Tertullian - a little clarity

Hi every one,

Tertullian became a Christian and then a heretic … as a result I am a bit confused as to what writings were written during his conversion to Christianity and which ones did he write as a heretic. Can any one help me out here? Below is the list of his writings as they appear in www.newadvent.com




  • The Apology
  • On Idolatry
  • De Spectaculis (The Shows)
  • De Corona (The Chaplet)
  • To Scapula
  • Ad Nationes
  • (A Fragment)
  • An Answer to the Jews
  • The Soul’s Testimony
  • A Treatise on the Soul
  • The Prescription Against Heretics
  • Against Marcion
  • Against Hermogenes
  • Against the Valentinians
  • On the Flesh of Christ
  • On the Resurrection of the Flesh
  • Against Praxeas
  • Scorpiace
  • Appendix (Against All Heresies)
  • On Repentance
  • On Baptism
  • On Prayer
  • Ad Martyras
  • The Martyrdom of Perpetua and Felicity (Sometimes attributed to Tertullian)
  • Of Patience
  • On the Pallium
  • On the Apparel of Women
  • On the Veiling of Virgins
  • To His Wife
  • On Exhortation to Chastity
  • On Monogamy
  • On Modesty
  • On Fasting
  • De Fuga in Persecutione

Good question, I was also wondering which of Tertullian’s writings we can more or less trust, and which not. It’s a little disconcerting that the “Father of the Latin Church” was also a heretic and a schismatic…

As much as I’d like to chorttle on the last part, St. Pope Victor, who introduced the Latin mass in Rome (it was in Greek before) can be a substitute for Father of the Latin Church.

As for what can be “trusted,” it depends on what you want. For instance, his writings when a montanist are still good, if for nothing else what he argues against (i.e. the Catholic Church) gives some witness to what we believed at the time.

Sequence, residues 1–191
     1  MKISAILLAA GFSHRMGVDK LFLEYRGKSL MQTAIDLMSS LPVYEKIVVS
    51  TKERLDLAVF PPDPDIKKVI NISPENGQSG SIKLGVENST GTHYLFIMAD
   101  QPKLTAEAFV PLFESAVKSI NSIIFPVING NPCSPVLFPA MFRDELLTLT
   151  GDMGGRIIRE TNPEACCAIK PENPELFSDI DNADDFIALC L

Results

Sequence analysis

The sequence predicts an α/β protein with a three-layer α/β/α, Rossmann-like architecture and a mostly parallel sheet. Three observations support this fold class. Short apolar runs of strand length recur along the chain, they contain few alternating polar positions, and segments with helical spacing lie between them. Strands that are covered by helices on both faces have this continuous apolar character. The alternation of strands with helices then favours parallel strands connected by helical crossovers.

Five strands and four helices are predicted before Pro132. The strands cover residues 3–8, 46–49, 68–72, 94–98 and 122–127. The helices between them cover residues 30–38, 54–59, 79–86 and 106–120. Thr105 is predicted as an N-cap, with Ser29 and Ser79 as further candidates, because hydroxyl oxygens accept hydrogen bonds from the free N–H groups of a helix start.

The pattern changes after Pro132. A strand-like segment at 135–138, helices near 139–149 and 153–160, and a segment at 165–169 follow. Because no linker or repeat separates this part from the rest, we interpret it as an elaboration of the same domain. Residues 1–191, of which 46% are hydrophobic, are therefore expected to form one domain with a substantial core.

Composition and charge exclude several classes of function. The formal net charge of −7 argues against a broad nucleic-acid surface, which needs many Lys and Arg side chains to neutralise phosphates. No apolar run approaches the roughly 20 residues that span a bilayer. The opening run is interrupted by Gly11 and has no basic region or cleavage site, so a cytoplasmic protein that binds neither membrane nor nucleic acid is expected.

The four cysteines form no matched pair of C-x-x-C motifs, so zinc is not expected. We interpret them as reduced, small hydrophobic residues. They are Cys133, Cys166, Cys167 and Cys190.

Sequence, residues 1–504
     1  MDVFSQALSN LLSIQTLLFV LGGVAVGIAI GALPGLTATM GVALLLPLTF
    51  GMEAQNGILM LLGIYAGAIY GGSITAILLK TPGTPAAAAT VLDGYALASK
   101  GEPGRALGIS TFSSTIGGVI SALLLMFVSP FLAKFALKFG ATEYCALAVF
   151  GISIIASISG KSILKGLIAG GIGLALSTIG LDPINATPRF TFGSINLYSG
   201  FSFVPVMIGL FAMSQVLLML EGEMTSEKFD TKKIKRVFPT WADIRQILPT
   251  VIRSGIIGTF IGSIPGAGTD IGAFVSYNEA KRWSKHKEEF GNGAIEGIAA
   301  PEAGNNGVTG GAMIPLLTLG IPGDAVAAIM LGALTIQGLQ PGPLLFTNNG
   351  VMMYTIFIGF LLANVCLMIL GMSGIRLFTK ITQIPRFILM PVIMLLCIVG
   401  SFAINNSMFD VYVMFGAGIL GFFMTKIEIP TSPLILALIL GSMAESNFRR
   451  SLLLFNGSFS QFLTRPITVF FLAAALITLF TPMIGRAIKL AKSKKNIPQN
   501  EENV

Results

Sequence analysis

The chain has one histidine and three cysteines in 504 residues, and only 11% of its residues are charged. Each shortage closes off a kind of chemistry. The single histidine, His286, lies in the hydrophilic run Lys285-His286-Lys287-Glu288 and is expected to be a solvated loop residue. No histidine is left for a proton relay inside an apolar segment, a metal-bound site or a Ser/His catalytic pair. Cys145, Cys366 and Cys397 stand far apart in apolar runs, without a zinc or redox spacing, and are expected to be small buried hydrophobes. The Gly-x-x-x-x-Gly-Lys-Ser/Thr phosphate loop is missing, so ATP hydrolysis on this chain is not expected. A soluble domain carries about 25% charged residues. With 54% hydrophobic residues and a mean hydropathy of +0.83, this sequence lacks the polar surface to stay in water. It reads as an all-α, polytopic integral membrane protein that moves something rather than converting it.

Mm, good point.

See this link also from newadvent and it should give a bit of help deciding which could be safe:

could you clarify that Isa? I’m not treading in very familiar waters, but are you saying that “we” were Montanists “at that time?”

No. The Montanists died out. That settles who was the Catholic Church as regards them.

Let’s take Mormonism for instance (close enough to Montanism in its day for our purposes).

Read a Mormon attack against the Latin or Orthodox Church, and you can get an idea of what Latins and Orthodox believe today. Not a perfect picture, but one that could be useful to show continuty of the Orthodox, for instance, in the future.

Case in point, the Montanists claimed a new dispensation. The Catholic Church rejected that. Montanist writings can be used now to show that the Catholic Church, then and now, doesn’t believe in new dispensations (the mormons would claim this a sign of the great apostacy, but that’s their problem).

Thanks, Isa, for explaining that. I think I understand what you mean.


Hi all,

Thanks every one for your comments.


I had a quick read to your link and it seems it does give a bit of a guide as to what is what although it would be good if newadvent could produce a brief list that every one else could refer to.



Am I right in thinking the Montanists were a lot like Pentecostals (but more heretical still due to believe that Montanus was the Holy Spirit)?

I agree…it would be nice if they’d put just an indicator next to the writings that were from a period of their heresy for those who fell into such, but I guess that would make it too easy for us huh?:rolleyes:

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